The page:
Nevertheless, you could say that at the very least there has been some positive aspect to arise from the Covid-19 public health crisis, as it has provided a revolution in the way we work that fits modern lifestyles. All the tools had been there for us to make this move, it just took something monumental to mark that change, and also stamp out all the scepticism that had lingered.
Teleworking, as it used to be called, was nothing new by 2020, it’s just that not all organisations and employees were keen to fully adopt it – and there could be several reasons for this. For example, any opposition to working from home could’ve been something rather practical, such as the fear of missing social connections or not being able to work efficiently.
Indeed, the same concerns that had existed still persist. After months of lockdown and being forced to work from home, many workers are missing those face-face moments with colleagues which allow the opportunity to build relationships, and are now yearning to get back in the office, mixing with real people rather than staring at squares full of faces on our screens.
Important elements that we previously had taken for granted in our lives as it was the expected norm, such as those water cooler chats, or those chance encounters in the elevator, we are now missing and want back. Indeed, there will still be plenty of good reason for people to come together in shared work spaces, even if it is simply for the purpose of general team building, or it could include in-person training, or the classic example of conducting business meetings or negotiations – in actual physical rooms.
The Best of Both Worlds
It’s about finding a balance, and for this reason, many businesses are now seeking to provide a hybrid approach to work patterns, whereby workers are required to come into the office part of the week, but as the results from different studies show, workers now prefer to spend a lot more time working from home as part of their jobs.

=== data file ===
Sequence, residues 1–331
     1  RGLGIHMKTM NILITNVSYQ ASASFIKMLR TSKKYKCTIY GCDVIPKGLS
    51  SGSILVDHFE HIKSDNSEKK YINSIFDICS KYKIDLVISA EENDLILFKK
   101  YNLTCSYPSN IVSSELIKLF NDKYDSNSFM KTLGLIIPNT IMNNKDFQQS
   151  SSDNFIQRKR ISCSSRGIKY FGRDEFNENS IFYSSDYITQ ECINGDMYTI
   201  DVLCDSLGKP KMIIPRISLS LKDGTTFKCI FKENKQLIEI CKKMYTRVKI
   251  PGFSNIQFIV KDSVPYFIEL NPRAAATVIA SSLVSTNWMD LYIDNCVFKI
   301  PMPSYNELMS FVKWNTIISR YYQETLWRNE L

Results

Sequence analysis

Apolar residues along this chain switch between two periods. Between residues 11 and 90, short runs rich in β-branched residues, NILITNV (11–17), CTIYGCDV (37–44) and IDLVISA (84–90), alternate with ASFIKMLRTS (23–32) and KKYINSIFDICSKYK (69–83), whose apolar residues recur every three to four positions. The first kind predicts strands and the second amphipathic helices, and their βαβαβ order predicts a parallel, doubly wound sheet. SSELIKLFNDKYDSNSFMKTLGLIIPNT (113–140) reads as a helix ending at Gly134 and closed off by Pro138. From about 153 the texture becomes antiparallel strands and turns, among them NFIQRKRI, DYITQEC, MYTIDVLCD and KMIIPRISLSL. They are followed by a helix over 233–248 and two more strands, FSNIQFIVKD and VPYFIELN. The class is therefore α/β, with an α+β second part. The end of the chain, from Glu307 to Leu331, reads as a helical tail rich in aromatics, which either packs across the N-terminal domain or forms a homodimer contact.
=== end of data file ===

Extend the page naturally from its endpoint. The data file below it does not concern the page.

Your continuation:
Various elements had already been in place for hybrid work life, with many offices adopting hot desk schemes, and only requiring staff to come in for meetings or important events that required heads in a room, it’s just that the pandemic ramped this up tenfold. Now, it seems after we got used to it, the majority of people now prefer a role that allows them to work from home more often.
It doesn’t look like ‘the office’ or the workplace is set to disappear completely, its just that something that had been going in this direction for a while has reached a point of no going back, and from now on people will prefer a work life that encompasses more WFH aspects than the daily need to turn up at an office.
Aside from missing those social connections, any doubts that had previously existed on this front can be eschewed, as we have all just proved that we can do it – albeit under totally unexpected and adverse conditions, and not really in a way that anyone would ever have planned.
Putting People First
As part of this process of the work place becoming intertwined with people’s home and personal life, lessons have been learned about how businesses treat people. Businesses are interested in how the way we work can be folded into positive business practices. As you’ll see, this ties into how the values of the next generation are more focused on ‘doing the right thing’ than ever before.
For the next generation of leaders, acting ethically and sustainably is fast becoming the most important factor when it comes to choosing their careers. Keyed into this is workers’ need to work for an organisation that is authentic and shows humility.
A recent study from Docebo shows that 95% of millennials say that they seek a healthy work-life balance as a top priority when searching for a job.
In the same study, the research revealed that the next emerging generation prefer to work for organisations that have a purpose and a raison d’etre that goes beyond merely profit-seeking. The research revealed that 27% of employees are more likely to stay with an organisation who they believe has a higher purpose.
This indicates that the way that managers must meet the needs of the next generation of leaders permeates the way that business must be done, to its very essence.
Making a Difference
In another study conducted by Deloitte of more than 27,500 millennials and Gen Zs, which interestingly was conducted both before and after the pandemic last year, they also revealed that having a sense of greater purpose is incredibly important to the next generation of leaders.